Shadows and Fog
Director: Woody Allen. Cast: Woody Allen, Mia Farrow, John Malkovich, John Cusack, Kenneth Mars, Michael
Kirby, Lily Tomlin, Jodie Foster, Kathy Bates, Donald Pleasance, David Ogden Stiers, Wallace Shawn, Philip
Bosco, Madonna, Julie Kavner, Madonna, Kate Nelligan, Charles Cragin, William H. Macy, John C. Reilly,
Kurtwood Smith, Camille Saviola, Fred Gwynne. Screenplay: Woody Allen.
Let's keep this simple and precise. There are three ways to trick yourself, or to get tricked, into
watching Woody Allen's Shadows and Fogwhich, before any mistake may be made, is a listless
workshop for a picture, not a cohesive picture in itself, and therefore less entertaining or enlightening
than anything I've ever seen His Neurotic-ness throw together. The first and most tempting reason to
watch Shadows and Fog is the sheer volume and richness of its cast, a group that includes such
unsinkables as Lily Tomlin, Kate Nelligan, Philip Bosco, and Wallace Shawn, not to mention eye-catching
names like Madonna, Jodie Foster, and John Cusack.
Almost none of their characters have more than three scenes, as it happens, so discrediting the majestic
marquee as to warrant charages of false advertising. Madonna may not even remember being in this film,
her participation is so brief, and poor Nelligan has to deliver her entire single scene in a long shot
that barely makes her recognizable. So there's that caveat: don't expect to rent Shadows and Fog
and spend a jolly evening in stargazing.
Reason #2 why Shadows and Fog may seem like an inspired choice for a Blockbuster night is the
visual idiom of the movie, which was frequently the element singled out by disappointed critics as the
only discernible reason for this film to have been made. As the title suggests, Allen has conceptualized
a midnight-alley atmosphere that yearns for echoes of M or The Third Man, a mood underscored
by a major plot involving a strangler on the loose in a nameless city dislocated from any tell-tale
regional or chronological identifications. Cinematographer Carlo di Palma, with whom Allen works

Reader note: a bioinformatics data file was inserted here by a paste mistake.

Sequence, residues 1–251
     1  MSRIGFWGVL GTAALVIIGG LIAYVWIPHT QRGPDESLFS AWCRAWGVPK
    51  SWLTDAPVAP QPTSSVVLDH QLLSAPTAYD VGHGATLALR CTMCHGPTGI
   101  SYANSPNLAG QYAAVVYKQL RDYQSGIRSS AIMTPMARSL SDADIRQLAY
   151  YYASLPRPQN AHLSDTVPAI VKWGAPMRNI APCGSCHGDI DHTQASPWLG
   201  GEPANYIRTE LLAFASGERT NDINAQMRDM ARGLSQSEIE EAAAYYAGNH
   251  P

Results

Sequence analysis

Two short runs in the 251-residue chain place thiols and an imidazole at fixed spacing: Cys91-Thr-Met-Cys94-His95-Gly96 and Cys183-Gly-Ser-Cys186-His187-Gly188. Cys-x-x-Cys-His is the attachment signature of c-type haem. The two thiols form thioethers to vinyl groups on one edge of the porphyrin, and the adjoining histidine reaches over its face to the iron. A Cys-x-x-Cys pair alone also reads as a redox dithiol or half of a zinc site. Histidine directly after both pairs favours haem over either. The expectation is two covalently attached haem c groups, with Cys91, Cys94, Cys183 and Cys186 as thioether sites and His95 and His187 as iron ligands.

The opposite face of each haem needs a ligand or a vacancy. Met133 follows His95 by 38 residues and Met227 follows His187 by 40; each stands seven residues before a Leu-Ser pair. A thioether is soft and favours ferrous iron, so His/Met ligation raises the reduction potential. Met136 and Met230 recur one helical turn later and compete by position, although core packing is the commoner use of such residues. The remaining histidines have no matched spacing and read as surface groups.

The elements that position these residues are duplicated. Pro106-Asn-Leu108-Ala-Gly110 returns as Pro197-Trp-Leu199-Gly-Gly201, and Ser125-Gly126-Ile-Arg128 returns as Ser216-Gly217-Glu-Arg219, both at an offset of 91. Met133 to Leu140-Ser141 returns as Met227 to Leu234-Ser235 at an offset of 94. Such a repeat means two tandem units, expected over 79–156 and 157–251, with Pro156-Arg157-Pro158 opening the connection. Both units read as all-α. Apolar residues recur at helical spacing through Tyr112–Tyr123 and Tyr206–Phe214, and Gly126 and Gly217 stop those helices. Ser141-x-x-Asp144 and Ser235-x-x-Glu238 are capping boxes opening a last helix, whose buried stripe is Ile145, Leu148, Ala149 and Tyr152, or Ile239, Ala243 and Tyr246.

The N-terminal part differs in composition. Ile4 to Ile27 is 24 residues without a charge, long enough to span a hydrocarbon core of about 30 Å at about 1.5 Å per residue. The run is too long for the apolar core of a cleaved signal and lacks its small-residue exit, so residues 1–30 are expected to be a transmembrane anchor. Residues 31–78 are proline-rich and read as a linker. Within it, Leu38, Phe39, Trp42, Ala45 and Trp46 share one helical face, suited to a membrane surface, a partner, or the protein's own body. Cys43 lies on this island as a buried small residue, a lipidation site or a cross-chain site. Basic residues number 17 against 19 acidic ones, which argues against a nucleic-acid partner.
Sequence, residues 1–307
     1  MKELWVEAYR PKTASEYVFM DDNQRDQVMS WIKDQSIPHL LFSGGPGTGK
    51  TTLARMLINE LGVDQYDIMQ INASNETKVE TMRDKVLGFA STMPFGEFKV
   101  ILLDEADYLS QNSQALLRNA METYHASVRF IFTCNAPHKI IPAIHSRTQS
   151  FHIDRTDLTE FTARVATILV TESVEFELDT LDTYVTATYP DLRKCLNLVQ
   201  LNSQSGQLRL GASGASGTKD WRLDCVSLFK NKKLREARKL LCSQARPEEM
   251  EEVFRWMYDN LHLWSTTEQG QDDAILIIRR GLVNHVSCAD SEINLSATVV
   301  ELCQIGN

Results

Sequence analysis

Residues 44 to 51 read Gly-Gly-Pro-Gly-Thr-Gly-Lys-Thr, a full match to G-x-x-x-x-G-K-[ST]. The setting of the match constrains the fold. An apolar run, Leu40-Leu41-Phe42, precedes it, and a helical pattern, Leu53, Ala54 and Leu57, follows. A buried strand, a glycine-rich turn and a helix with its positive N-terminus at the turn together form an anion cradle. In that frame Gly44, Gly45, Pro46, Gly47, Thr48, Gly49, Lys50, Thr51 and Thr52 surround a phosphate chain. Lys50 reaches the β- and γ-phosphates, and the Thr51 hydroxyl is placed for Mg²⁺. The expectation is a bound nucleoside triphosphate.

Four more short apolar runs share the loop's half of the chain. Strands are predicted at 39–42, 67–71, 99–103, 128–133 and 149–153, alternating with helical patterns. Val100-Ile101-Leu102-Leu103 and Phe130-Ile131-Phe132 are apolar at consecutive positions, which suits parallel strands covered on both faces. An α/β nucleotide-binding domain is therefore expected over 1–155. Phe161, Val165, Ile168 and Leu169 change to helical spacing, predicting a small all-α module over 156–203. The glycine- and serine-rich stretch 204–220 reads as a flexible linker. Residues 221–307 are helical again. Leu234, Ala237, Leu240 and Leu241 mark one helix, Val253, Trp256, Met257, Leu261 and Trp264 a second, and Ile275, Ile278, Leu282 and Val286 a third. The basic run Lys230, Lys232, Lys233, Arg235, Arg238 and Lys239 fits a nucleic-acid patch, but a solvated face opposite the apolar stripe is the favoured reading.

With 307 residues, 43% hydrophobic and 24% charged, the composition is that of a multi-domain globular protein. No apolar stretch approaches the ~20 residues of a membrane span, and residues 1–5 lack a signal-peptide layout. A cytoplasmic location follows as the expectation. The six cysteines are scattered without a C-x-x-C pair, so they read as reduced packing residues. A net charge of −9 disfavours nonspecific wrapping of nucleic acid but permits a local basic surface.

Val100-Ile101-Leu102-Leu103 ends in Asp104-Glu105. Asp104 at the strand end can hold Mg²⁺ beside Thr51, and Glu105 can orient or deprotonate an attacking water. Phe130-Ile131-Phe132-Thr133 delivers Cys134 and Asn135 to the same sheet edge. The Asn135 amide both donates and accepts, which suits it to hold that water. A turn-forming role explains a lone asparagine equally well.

frequently but rarely in so stylized a setting, has a good time with the billowing mists and loooonnng
shadows that forever reveal and conceal different permutations of students, vigilantes, prostitutes, and
(ahem) circus performers that are all on their guard against the anonymous murderer.
I have long contended, however, that Allen is not always disciplined enough to amass a whole movie's worth
of engaging material when he believes he has discovered one sure-fire idea. In the same way that
Mighty Aphrodite hung drably on the tentpole of Mira Sorvino's inspired central performancethough
her responsibility to hold up the whole film was the only sense in which she was a "supporting"
actressShadows and Fog's visual concept is thin meat indeed beneath all the flavorless garnish
Woody provides. Even a Kafkaesque subplot in which his character is awakened to participate in
street-patrolling activities that have not been described to him, or a Hitchcockian one in which he is
wrongly implicated for Pleasance's murder, come to absolutely nothing. Farrow's part is written so
absent-mindedly that she reunites with unfaithful lover Malkovich (as irritatingly self-conscious as ever)
and attempts to persuade Woody to leave with her when the circus leaves town. And that doesn't
even mention her dalliance with the Cusack character; she amasses paramours in this picture even more
quickly than she adopted children in real life.
Finally, Shadows and Fog, released in late 1991, falls on the timeline of Allen's career during a period
when several winning or even bracing projectsthe fanciful Alice (1990), the razor-sharp
Husbands and Wives (1992), and the terrifically interesting Another
Woman (1988)were unfairly neglected for reasons ranging from generic eccentricity to
tabloid-powered overexposure. Shadows and Fog, however, proves to be one Allen project that
deserved the cold snubbing it received from critics and audiences. Allen's films are never wholly without
ideas, and there is something interesting attempting to get out here about persecution complexes and
blocked creativity, but the film ends up embodying those concepts more than really exploring them. Rent
Husbands and Wives, or if you need to see Woody in duochrome, rent Manhattan. All the cold
shoulders this picture deserves are still nowhere near as cold as this remote, lazy effort. Grade: D+